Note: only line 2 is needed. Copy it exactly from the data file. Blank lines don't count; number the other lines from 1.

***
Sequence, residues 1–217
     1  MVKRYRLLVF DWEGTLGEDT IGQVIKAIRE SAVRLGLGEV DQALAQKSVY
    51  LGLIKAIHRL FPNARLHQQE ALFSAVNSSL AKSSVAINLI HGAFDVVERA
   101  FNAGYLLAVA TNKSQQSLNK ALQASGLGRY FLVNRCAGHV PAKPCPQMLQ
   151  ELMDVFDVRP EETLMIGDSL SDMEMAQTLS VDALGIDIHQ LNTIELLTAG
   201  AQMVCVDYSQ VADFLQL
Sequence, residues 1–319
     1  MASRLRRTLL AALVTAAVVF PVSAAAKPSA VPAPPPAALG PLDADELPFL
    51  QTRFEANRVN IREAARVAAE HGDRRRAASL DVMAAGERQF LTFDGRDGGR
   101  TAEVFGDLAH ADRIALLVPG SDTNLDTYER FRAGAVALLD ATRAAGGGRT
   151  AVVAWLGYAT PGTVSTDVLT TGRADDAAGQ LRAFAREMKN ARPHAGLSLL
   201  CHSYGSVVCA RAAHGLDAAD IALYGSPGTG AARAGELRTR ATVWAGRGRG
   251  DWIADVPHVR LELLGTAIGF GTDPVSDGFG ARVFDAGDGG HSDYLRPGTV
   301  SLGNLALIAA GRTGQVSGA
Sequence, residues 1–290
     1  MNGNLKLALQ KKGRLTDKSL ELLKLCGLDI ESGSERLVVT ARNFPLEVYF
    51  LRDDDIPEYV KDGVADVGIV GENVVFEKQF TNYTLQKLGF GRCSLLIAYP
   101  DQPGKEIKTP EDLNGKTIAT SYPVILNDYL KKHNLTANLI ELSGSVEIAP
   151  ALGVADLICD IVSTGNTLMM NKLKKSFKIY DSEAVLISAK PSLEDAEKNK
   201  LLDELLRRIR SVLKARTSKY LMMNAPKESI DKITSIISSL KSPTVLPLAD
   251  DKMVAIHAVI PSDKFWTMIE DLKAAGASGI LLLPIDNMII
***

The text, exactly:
     1  MVKRYRLLVF DWEGTLGEDT IGQVIKAIRE SAVRLGLGEV DQALAQKSVY